Cash transfers are a popular and successful means of tackling household vulnerability and promoting human capital investment. They can also reduce child labor, especially when it is a response to household vulnerability. But if not properly designed, cash transfers that promote children’s education can increase their economic activities in order to pay the additional costs of schooling. The efficacy of cash transfers may also be reduced if the transfers enable investment in productive assets that boost the returns to child labor. The impact of cash transfers must thus be assessed as part of the entire social protection system.
Cash transfers can reduce the economic vulnerability of households and increase human capital investment, especially in low-income countries with weak social protection systems.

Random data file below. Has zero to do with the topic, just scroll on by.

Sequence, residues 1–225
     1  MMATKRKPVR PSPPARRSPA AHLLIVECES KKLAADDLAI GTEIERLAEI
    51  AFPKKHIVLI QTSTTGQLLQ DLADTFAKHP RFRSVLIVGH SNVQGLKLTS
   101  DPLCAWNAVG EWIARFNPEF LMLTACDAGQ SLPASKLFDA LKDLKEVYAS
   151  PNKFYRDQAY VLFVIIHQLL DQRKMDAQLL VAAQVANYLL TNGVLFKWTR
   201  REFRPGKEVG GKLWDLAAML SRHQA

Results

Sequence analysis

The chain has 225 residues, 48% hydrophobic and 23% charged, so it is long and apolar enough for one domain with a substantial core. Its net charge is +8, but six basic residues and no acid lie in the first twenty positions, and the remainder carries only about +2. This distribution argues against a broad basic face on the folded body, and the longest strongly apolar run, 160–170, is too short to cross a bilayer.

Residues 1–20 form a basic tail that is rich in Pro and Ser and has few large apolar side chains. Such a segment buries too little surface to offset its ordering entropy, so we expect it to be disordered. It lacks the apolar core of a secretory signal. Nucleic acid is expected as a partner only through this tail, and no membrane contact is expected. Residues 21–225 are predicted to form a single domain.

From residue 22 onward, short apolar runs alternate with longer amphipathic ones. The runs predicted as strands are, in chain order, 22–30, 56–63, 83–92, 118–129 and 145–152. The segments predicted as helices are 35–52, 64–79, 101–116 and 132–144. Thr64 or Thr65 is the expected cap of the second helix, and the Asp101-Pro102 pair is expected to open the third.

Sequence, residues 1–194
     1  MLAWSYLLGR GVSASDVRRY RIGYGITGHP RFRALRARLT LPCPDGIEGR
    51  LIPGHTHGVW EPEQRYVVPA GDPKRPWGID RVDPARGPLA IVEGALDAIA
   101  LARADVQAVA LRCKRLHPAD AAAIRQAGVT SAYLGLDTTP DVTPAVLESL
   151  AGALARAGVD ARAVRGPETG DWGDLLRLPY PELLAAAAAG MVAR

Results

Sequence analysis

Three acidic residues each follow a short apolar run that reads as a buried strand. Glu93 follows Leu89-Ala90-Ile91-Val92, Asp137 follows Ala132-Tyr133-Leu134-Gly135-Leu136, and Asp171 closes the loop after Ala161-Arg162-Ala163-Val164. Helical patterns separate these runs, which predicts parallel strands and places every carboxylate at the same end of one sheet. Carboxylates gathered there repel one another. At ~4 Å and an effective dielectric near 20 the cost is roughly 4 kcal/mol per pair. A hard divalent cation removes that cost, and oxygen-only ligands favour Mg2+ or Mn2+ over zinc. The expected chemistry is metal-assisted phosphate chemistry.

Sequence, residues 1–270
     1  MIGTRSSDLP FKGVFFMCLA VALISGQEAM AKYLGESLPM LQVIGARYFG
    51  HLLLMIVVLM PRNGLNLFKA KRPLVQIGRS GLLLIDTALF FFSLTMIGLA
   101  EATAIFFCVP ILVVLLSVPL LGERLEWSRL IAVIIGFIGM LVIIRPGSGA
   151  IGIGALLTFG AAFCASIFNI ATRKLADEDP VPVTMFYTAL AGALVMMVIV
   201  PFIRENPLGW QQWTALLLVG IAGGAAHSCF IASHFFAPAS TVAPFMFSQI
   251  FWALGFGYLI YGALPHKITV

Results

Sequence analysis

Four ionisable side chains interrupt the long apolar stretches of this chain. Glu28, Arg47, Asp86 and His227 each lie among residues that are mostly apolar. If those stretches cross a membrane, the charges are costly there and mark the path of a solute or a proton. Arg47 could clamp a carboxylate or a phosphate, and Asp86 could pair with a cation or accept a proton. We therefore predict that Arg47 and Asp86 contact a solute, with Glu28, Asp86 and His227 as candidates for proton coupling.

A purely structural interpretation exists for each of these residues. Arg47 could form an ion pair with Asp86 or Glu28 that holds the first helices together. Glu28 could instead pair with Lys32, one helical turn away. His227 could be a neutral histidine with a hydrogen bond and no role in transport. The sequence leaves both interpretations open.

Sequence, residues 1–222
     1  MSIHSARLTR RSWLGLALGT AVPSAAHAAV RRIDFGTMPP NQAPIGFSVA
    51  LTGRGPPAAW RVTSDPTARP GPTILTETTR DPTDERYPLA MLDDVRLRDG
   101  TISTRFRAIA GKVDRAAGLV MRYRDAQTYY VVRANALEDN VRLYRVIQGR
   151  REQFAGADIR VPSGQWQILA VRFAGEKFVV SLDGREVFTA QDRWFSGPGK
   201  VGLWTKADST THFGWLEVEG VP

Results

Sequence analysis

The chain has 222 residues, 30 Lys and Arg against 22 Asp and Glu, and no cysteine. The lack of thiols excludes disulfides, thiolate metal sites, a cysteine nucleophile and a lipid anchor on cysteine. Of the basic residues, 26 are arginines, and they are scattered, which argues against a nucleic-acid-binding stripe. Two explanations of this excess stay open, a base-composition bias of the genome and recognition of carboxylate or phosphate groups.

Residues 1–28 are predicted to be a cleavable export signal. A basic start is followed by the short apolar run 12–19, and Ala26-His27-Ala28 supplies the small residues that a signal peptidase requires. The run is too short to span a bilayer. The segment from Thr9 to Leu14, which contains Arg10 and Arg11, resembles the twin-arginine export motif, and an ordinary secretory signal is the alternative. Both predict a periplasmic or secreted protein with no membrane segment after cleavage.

Cash transfer programs have proven to be valuable in reducing child labor that arises as a response to household vulnerability.
Adding interventions to reduce the costs of school and health care and improve their quality can increase the effectiveness of cash transfers in reducing child labor.
If invested in productive assets, cash transfers can increase household demand for child labor.
If cash transfers enable children to enroll in school, child labor might increase to support additional education costs.
Few cash transfer programs have reducing child labor as a primary objective.
In most cases, increases in school attendance are not fully matched by reductions in child labor.